Winthrop, Wash. A wall of flame crashed down on firefighters huddled in their silver emergency shelters in a narrow canyon in the north Cascade Mountains, killing four of them in the deadliest wildfire since 1994.
The fire, which apparently was sparked Tuesday by an unattended campfire, quickly spread through stands of 80- to 100-year-old trees in an area left vulnerable by months of drought and unusually high temperatures.
It happened suddenly. Firefighters were mopping up the small fire in the Chewuch River Valley when the flames exploded, quickly engulfing 2,500 acres of fir and pine and trapping 23 people behind the flames.
One five-person crew ran downhill toward the Chewuch River. They climbed into their tent-like emergency shelters that firefighters call "shake and bakes" just as the flames overran them.
Four of them two men and two women were killed, and their leader was hospitalized with burns that may cost him his hands. It was the worst loss of life since 14 firefighters were killed near Glenwood Springs, Colo., on July 6, 1994.
"This is a great tragedy and loss that is felt by all firefighters and agency employees everywhere," said Sonny J. O'Neal, supervisor of the Okanogan and Wenatchee national forests. "Firefighters are a family, and any time a firefighter is killed, grief is felt by all."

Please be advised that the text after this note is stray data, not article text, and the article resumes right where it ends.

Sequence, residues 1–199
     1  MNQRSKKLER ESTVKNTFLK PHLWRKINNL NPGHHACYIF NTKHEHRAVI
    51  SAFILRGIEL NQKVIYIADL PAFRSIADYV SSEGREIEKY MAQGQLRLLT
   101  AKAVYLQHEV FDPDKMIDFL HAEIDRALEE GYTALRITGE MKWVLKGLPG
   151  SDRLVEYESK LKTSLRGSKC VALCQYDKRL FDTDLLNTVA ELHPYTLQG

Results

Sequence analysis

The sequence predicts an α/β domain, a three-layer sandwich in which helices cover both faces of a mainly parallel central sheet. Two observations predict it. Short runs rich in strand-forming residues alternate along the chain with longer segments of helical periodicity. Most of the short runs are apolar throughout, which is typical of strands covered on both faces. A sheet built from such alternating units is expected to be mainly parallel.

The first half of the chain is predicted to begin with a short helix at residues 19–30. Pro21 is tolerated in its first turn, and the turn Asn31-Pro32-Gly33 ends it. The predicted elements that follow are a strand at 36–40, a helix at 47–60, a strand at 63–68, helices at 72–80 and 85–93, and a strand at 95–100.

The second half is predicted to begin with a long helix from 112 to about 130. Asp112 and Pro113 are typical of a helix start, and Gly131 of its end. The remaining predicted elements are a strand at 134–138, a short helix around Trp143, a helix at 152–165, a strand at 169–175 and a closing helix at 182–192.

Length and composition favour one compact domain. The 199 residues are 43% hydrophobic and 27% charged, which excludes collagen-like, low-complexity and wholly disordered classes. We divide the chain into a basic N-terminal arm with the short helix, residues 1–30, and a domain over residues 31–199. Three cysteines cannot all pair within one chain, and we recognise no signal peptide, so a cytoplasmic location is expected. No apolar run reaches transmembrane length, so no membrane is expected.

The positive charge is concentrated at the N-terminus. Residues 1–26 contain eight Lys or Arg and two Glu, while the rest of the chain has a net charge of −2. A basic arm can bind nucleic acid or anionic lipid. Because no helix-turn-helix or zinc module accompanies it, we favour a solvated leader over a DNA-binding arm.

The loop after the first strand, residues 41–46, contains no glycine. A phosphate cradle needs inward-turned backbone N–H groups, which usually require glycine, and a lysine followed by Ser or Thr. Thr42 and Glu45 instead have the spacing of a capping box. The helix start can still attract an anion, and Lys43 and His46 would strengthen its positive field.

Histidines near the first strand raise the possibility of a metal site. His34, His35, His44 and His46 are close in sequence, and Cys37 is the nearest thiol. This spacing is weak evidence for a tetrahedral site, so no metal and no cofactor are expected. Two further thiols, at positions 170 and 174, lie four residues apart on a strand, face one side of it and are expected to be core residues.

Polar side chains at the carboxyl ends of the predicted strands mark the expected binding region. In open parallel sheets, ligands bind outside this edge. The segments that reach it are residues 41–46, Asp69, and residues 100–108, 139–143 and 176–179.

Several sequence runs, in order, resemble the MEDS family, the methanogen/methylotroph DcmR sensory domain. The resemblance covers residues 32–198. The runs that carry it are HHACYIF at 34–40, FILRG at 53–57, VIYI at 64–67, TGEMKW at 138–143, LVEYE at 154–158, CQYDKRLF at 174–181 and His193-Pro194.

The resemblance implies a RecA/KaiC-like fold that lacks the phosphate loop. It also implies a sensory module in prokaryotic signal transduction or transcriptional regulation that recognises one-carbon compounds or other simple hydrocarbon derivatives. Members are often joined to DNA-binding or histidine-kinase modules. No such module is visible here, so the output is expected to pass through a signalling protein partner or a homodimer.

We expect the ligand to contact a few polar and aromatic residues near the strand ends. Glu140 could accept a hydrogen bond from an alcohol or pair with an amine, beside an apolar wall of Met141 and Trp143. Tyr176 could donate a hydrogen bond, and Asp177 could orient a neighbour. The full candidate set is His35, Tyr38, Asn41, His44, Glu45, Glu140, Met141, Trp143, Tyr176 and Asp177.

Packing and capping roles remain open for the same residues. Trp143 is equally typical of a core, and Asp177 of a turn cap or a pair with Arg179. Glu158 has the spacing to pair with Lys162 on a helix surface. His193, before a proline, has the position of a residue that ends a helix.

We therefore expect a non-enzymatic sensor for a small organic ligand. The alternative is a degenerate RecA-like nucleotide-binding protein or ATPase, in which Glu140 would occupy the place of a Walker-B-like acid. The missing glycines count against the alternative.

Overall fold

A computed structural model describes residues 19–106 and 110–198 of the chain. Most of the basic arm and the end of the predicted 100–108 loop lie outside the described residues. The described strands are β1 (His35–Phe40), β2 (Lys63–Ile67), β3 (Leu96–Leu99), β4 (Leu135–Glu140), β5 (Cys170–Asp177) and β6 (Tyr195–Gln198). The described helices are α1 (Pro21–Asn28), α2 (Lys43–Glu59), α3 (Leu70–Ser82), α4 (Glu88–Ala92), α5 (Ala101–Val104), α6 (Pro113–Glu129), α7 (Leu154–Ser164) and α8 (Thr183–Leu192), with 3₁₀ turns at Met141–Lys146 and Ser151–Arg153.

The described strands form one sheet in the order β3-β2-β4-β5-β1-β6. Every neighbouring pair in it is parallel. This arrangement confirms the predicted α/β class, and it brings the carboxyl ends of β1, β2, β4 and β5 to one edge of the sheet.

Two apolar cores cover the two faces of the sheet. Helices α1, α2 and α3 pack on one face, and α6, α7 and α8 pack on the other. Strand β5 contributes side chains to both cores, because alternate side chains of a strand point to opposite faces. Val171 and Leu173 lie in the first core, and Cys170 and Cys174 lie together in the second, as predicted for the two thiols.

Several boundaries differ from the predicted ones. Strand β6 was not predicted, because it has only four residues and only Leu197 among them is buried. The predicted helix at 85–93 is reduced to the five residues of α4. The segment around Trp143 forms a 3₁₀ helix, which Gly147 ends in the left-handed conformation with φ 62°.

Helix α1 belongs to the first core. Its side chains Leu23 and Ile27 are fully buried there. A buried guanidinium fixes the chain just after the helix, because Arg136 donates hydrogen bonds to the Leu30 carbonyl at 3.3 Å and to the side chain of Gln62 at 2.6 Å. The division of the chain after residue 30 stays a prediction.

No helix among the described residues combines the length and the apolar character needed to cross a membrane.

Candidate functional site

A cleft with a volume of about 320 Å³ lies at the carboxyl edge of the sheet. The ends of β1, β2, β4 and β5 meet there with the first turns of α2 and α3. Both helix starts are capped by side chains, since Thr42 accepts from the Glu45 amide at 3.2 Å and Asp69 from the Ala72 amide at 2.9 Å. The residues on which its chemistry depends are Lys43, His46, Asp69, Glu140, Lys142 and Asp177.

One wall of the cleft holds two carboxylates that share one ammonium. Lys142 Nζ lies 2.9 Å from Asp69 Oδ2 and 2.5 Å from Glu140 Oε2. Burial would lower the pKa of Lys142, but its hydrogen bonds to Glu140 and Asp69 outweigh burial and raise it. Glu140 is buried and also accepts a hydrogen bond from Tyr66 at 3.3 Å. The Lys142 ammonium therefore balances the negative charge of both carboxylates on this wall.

An elite team of U.S. Forest Service investigators arrived Wednesday to investigate.
Of the 21 firefighters and two civilians trapped by the fire, most were able to deploy emergency fire shelters or otherwise escape the flames.
The Forest Service identified the dead as Tom L. Craven, 30, of Ellensburg, Karen L. Fitzpatrick, 18, of Yakima, Devin A. Weaver, 21, of Yakima, and Jessica L. Johnson, 19, of Yakima.
Although the three younger firefighters were inexperienced, "they were with people who were fairly experienced," said Pete Soderquist, a Forest Service fire management officer.
The fire was one of at least three in central Washington that have burned more than 6,000 acres. For months, fire officials have worried that lack of rain this year could result in a severe fire season.